A council with the highest Covid-19 infection rates in Wales is to close all its schools more than a week early for Christmas.
Blaenau Gwent said remote learning was in the "best interests of the well-being of pupils and their families".
Currently, more than 900 pupils in the county borough are self-isolating.
The decision comes despite a pledge from the Welsh Government and council leaders across Wales to keep schools open until term ends on 18 December.
Schools in Blaenau Gwent will, however, hold their final lessons next Wednesday, 9 December with what the authority says is the unanimous support of head teachers.
The Independent-led council said remote learning could continue until the end of term, reducing the potential for pupils needing to self-isolate over the holidays.
'Absolutely right decision'
Eighteen schools are currently affected by Covid-19 cases among pupils and staff in Blaenau Gwent, which currently has a seven-day infection rate of 502.4 people per 100,000.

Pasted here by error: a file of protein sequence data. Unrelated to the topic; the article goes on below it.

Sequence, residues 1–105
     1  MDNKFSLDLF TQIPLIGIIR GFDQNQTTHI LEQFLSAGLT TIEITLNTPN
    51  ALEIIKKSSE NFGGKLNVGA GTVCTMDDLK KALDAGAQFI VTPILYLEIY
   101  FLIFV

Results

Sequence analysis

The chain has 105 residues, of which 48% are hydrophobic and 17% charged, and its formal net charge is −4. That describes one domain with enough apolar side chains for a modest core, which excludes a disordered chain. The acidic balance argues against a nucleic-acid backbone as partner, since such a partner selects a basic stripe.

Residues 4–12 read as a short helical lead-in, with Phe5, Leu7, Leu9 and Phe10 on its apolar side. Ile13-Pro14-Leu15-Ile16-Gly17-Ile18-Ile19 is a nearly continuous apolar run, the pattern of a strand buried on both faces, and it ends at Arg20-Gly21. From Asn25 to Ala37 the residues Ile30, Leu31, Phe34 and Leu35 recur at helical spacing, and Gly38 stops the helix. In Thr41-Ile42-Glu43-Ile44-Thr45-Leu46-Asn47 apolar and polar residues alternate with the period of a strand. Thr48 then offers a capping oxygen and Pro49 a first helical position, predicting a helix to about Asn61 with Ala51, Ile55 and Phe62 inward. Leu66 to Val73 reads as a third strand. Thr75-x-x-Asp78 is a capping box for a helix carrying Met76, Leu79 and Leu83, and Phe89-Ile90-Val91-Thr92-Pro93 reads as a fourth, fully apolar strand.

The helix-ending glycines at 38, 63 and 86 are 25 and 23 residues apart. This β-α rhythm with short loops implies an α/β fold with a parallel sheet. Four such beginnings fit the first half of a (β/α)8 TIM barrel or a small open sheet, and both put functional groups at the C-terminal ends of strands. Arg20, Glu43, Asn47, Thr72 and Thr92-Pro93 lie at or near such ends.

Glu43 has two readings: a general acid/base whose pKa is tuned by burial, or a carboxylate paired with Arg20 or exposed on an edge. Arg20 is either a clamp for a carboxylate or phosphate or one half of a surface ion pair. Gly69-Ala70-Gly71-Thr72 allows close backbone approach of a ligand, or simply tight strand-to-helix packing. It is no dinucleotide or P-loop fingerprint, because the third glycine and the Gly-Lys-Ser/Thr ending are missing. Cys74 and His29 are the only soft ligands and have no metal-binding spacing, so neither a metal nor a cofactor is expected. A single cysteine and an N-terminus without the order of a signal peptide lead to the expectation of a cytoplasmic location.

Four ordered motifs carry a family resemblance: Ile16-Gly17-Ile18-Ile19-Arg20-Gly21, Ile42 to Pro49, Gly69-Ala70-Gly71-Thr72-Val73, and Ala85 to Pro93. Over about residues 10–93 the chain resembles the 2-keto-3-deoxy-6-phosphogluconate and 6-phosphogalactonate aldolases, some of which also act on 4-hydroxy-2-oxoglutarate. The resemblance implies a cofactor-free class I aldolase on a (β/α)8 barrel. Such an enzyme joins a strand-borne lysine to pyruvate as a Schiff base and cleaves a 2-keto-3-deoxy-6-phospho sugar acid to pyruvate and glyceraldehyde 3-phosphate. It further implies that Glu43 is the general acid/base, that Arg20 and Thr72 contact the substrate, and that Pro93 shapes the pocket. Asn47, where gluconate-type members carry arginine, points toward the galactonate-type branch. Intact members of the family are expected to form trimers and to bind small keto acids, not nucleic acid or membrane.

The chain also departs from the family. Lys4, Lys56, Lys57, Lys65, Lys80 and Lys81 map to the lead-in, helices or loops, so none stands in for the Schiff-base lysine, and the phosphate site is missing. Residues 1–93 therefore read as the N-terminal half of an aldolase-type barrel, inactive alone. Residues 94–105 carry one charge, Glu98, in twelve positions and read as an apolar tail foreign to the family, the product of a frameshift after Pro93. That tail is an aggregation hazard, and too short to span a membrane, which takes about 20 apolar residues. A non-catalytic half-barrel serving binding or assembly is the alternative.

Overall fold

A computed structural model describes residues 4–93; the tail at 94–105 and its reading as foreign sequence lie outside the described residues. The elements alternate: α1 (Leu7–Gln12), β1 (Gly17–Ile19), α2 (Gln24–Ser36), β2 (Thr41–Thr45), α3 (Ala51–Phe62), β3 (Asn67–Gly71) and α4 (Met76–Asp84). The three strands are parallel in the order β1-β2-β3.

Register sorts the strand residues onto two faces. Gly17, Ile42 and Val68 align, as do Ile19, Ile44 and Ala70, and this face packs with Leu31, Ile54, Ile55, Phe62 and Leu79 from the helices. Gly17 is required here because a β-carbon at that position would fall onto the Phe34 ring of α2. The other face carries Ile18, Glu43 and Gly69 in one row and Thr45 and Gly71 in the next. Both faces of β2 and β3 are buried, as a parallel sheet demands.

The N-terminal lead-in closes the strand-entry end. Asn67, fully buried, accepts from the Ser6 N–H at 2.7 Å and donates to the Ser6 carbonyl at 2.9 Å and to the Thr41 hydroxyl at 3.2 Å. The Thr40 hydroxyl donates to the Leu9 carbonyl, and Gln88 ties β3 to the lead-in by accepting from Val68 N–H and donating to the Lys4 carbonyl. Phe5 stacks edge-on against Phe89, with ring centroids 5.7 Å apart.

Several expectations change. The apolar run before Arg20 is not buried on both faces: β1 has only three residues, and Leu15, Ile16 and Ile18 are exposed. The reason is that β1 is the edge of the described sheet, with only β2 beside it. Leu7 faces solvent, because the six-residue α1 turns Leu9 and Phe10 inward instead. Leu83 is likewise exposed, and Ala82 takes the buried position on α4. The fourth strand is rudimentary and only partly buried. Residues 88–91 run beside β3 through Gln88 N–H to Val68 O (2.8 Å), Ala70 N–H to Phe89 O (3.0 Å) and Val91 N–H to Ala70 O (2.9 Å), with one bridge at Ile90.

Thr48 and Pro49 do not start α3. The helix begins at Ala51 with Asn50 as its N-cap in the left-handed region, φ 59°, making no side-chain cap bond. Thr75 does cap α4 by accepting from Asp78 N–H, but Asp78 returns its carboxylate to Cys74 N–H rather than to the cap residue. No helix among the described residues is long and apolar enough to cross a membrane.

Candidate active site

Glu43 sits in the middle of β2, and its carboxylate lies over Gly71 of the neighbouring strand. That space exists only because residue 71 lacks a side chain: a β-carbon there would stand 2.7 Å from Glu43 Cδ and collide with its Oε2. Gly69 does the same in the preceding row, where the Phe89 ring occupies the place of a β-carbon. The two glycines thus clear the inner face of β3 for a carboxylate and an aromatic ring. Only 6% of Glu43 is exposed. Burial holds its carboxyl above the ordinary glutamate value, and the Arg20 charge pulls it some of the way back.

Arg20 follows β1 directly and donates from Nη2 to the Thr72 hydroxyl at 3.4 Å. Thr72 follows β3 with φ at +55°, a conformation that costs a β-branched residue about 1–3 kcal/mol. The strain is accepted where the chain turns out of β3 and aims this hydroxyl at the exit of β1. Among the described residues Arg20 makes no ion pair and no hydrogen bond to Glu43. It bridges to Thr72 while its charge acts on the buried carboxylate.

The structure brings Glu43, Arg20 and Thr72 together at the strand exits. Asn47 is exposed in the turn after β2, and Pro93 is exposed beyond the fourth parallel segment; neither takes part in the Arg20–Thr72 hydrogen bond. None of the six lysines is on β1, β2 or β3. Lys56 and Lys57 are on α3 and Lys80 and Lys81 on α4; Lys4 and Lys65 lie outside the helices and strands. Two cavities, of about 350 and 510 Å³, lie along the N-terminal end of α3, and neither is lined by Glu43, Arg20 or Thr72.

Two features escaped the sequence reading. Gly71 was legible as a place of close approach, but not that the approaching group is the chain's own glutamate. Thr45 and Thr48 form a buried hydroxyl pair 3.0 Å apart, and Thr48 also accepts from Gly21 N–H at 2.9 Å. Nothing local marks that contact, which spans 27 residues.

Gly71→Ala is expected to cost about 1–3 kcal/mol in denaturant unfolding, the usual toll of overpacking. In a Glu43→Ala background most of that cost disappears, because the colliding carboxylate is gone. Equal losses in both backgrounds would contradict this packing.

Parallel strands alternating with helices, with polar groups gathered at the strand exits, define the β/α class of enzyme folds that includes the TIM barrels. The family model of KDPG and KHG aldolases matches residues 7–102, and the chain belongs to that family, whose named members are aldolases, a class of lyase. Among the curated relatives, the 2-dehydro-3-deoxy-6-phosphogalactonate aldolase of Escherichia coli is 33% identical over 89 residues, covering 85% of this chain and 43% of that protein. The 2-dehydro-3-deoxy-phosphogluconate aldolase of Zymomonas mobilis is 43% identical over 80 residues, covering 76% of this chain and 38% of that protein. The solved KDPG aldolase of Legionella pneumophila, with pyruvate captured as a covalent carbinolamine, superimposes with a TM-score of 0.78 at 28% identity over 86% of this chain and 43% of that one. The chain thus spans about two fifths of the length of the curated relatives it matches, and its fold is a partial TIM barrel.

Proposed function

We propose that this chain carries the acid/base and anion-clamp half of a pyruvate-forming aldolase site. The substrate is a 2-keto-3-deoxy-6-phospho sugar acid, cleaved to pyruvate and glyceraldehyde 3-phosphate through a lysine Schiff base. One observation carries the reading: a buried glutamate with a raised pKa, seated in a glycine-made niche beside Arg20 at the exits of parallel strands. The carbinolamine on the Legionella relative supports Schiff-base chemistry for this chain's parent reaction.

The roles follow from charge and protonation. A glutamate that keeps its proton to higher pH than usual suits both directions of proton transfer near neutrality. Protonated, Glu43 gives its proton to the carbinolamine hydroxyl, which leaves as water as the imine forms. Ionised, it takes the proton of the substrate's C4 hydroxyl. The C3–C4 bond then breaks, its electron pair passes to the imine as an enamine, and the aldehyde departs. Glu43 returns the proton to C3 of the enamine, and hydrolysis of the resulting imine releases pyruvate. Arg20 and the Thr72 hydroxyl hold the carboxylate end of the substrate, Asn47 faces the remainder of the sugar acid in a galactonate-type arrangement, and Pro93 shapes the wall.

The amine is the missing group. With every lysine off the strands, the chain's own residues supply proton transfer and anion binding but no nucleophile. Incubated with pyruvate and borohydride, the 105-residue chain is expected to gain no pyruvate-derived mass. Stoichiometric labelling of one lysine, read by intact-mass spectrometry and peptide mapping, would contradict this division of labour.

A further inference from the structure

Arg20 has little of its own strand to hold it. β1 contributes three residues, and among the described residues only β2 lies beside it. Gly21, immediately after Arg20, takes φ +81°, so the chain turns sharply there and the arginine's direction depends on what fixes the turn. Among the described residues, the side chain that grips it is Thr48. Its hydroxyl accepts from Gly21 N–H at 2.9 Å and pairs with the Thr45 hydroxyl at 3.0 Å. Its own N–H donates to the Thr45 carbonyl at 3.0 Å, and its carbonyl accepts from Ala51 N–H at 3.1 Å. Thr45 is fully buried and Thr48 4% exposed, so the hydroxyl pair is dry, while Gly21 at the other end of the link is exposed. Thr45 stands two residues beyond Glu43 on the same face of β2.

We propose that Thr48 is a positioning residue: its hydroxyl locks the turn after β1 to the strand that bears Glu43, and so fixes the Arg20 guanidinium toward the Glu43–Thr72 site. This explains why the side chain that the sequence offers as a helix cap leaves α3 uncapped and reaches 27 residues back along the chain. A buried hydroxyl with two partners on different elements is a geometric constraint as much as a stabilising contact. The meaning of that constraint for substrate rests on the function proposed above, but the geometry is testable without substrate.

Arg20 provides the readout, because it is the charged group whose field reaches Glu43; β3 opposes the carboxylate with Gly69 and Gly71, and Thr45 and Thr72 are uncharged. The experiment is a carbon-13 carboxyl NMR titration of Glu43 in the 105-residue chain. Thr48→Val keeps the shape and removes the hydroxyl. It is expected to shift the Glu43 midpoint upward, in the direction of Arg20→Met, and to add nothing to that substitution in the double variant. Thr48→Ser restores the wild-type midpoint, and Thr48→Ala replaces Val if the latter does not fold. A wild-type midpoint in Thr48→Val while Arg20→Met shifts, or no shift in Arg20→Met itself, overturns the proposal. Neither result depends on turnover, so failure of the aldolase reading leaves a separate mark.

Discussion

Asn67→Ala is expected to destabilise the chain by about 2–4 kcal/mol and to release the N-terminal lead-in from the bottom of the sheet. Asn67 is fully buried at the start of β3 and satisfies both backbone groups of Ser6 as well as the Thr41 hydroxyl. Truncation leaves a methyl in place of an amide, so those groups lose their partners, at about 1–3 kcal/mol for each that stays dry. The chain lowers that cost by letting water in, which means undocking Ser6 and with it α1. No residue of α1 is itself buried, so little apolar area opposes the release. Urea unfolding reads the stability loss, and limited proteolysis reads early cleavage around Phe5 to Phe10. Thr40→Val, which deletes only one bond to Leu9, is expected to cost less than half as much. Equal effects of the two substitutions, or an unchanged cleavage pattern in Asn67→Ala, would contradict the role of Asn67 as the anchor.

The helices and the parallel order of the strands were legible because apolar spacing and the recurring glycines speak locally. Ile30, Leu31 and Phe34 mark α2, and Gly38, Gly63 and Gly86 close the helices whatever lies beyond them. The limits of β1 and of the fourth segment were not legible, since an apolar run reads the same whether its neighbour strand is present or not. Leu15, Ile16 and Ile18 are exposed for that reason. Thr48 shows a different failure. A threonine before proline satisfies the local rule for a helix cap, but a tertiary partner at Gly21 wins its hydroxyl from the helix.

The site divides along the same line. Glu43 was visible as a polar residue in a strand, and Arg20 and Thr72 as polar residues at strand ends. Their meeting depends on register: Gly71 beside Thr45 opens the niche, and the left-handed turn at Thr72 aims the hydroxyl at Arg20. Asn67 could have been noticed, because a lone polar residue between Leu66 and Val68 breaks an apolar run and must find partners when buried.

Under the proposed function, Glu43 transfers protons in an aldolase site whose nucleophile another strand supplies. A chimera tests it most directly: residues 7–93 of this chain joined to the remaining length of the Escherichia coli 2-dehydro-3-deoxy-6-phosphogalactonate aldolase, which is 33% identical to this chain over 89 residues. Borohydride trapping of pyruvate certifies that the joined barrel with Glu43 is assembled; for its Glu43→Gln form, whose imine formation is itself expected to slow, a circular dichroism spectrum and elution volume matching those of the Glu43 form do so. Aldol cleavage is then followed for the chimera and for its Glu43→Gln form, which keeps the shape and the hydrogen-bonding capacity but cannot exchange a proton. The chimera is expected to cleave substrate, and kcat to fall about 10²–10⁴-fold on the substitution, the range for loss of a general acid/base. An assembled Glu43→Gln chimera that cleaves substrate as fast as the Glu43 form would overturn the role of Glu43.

Councillor Joanne Collins, executive member for education, said: "We are in no doubt that this is absolutely the right decision for learners and their families, giving them the best opportunity to not be facing this Christmas in self-isolation."
Families with children entitled to free school meals will be given direct payments for this period.
Meanwhile the Welsh Government and the Welsh Local Government Association (WLGA) - the umbrella body representing councils - said they had agreed a common approach "to ensure a consistent-as-possible level of provision across Wales in ongoing challenging circumstances".
They said in-person teaching and learning "will continue until the end of term", only moving to remote learning "where it is proportionate to the prevalence and impact of the virus within the locality".
A WLGA spokesperson said Blaenau Gwent's decision was "in line with the agreed position".
Last week, First Minister Mark Drakeford rejected a call from teaching union UCAC to end term a week early for all schools in Wales.
Referring to the earlier Covid-related closure of schools from March to the end of June, he said it was "more important for our children not to miss out further on the education planned for them".